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Is mindfulness worthy of all the hype?

The benefits of mindfulness — touted as a panacea for a myriad of problems from anxiety to chronic pain —  has come under some debate.

A British author friend, Ruth Whipmann, author of America the Anxious, was shocked by something when she moved the U.S.: Everyone was so busy going to their mindfulness class and yoga class that they didn’t have time to spend with her — nor with their kids or their family.

Thanks to a growing body of research supporting its benefits, mindfulness-based programs are cropping up in corporate workplaces, in schools and hospitals. Celebrities like Arianna Huffington are proclaiming its benefits, football teams like the Seattle Seahawks are sitting for daily meditation practice, highly successful CEOs and leaders like Congressman Tim Ryan of Ohio, author of Mindful Nation, are publicly supporting its benefits and magazines entirely devoted to mindfulness like Mindful are gracing shelves. Mindfulness has become a billion-dollar industry with books, life-coach programs and consumer goods to help you become a mindful eater, a mindful parent and even a mindful consumer!

Does mindfulness work?

After years of hype about mindfulness’ benefits, however, new questions are arising. For example, do the mindfulness scientists have a religious bias and agenda? Though researchers and mindfulness instructors vouch for its secularism, the presence of the Dalai Lama and Buddhist monks at research conferences doesn't raise any doubt as to one of the origins of mindfulness practice: Buddhism (there are others, too). Many mindfulness researchers ostensibly practice Buddhist meditation. After all, research is me-search.

Can mindfulness be dangerous for our health? Researchers like Willoughby Britton, PhD, of Brown University are claiming that, in some cases, mindfulness can be harmful. Are those reasons to throw the baby out with the bathwater? Not necessarily.

The more important question may be whether mindfulness really works. While thousands of studies have come out, reviews of these studies claim that, when examining the entire literature on mindfulness as a whole, it doesn't always stand out above and beyond other treatments. While some claim that these reviews refute mindfulness’ benefits, that claim is up for debate. If meditation’s benefits are equivalent to that of other treatments, then it’s a great option: Some people would prefer to sit in meditation every day than use medication or attend therapy sessions.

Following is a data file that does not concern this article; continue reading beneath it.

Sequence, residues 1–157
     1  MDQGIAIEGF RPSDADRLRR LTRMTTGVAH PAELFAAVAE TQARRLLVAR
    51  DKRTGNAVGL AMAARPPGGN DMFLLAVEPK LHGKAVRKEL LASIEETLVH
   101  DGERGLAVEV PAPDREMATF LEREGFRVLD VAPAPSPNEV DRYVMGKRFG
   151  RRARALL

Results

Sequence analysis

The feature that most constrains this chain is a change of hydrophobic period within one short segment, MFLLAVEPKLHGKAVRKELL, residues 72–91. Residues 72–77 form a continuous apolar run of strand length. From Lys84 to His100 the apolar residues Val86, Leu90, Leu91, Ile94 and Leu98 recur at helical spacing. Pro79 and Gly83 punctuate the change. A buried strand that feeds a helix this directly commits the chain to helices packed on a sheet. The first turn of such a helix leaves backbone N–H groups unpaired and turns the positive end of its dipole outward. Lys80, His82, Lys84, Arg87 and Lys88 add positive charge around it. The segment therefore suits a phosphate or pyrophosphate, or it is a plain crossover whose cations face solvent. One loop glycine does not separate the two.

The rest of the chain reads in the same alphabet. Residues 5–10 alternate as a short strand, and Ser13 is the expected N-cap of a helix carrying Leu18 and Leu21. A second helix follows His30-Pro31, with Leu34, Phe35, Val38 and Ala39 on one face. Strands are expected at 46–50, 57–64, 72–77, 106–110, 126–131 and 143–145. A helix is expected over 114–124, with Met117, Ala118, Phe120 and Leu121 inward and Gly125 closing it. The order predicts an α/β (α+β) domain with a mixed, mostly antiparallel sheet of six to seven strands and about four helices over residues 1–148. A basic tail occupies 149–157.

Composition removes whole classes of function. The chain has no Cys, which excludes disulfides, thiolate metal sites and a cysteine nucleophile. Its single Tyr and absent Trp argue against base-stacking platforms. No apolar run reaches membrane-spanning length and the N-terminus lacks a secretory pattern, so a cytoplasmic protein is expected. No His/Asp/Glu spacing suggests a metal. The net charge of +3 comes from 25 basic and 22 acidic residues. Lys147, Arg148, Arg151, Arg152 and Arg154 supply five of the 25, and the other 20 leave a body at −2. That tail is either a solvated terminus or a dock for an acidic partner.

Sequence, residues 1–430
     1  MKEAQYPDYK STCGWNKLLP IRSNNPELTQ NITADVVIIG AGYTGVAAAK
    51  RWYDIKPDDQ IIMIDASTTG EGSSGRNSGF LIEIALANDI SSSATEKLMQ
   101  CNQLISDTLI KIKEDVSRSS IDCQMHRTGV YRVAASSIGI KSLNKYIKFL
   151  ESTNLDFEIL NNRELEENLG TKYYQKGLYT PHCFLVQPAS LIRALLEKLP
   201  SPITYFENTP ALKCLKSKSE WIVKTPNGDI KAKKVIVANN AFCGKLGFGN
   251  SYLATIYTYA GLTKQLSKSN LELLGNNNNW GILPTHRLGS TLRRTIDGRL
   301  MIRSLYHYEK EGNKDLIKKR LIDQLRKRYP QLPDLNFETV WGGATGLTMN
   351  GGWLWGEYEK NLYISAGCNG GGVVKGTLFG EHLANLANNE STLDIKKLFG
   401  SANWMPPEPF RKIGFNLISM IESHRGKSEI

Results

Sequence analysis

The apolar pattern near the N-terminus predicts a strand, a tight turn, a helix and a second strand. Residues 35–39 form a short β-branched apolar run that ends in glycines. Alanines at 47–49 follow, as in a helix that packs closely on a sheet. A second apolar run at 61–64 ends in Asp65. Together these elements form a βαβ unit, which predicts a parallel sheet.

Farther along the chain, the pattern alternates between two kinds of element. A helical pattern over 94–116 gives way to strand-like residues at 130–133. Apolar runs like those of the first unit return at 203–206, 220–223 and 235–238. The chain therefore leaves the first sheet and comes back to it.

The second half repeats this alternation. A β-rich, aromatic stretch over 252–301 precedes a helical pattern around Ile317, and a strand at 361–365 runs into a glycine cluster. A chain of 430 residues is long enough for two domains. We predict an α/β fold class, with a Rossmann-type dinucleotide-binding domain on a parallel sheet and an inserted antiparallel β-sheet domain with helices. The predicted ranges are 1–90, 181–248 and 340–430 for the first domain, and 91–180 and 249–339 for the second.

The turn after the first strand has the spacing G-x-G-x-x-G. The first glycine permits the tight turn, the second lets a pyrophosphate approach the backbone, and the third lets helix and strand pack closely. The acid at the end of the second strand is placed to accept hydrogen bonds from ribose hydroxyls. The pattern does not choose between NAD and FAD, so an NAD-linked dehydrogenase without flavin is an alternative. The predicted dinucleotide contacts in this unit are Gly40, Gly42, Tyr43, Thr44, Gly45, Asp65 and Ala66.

Why is mindfulness so popular?

Rather than asking whether mindfulness is good, bad, or worthy of all the hype, perhaps the more interesting question is why it has become so popular. Why does everyone want to meditate all of a sudden?

Sure, maybe it’s the marketing. But that can’t explain it’s all-pervasive nature. It can’t explain why it’s creeping its way into your workplace, health care facility, and onto your local military base. Perhaps it's answering an unmet need for more quiet, contemplation and calm in a world that is more and more fast-paced, whose technology is increasingly demanding our time and attention at all times of the day, and whose work loads and financial pressures are on the rise.

Whether we’re CEOs or stay-at-home mothers, most of us are constantly running, overworked and exhausted. It doesn’t take research to realize that this pace of life is unsustainable and in many ways counterproductive and destructive. Is it a surprise that the use of anti-anxiety and anti-depression medication is at an all-time high? We're not equipped to meet the demands of this age and are looking for ways to calm our minds. As a consequence, we seek to balance the frenzy of our current pace of life with the complete opposite: sitting still. We need to fulfill an unmet need for more calmness, quietude, and peace of mind.

Is mindfulness the answer?

Is mindfulness the only answer? It is for some people. But not for all. Remember that mindfulness has received a lot of attention because researchers have studied it. And it’s no surprise that it appeals to scientists — after all, it involves observing and labeling thoughts, feelings, sensations in the body in an objective manner. Observing and labeling objectively is what scientists and academics do. In many ways, it’s a cognitive exercise and is therefore something academics find attractive — it’s no surprise that they favor such a practice. But that doesn’t mean you have to.

If you’ve tried mindfulness and felt it isn't for you, it’s important to remember that there are many ways of calming your mind and feeling at ease — mindfulness is just one of them. Breathing is another. We conducted research on yoga-based breathing practices — sudarshan kriya yoga — for veterans with PTSD, and their trauma was significantly reduced after one week and its benefits sustained one year later. Research shows that other methods such as practicing gratitudespending time in nature, exercising, yoga, and leading a life that involves meaning and service all will benefit mental (and physical) health and bring greater stillness into your otherwise hectic life. You just need to find the shoe that fits. But do keep looking until you find it!

Emma Seppälä, PhD, is science director of Stanford’s Center for Compassion and Altruism Research and Education and a research psychologist at the School of Medicine. She is also a certified yoga, pilates, breath work and meditation instructor, and she recently published the book The Happiness TrackA modified version of this piece originally appeared on her website.

Photo by kloxklox_com

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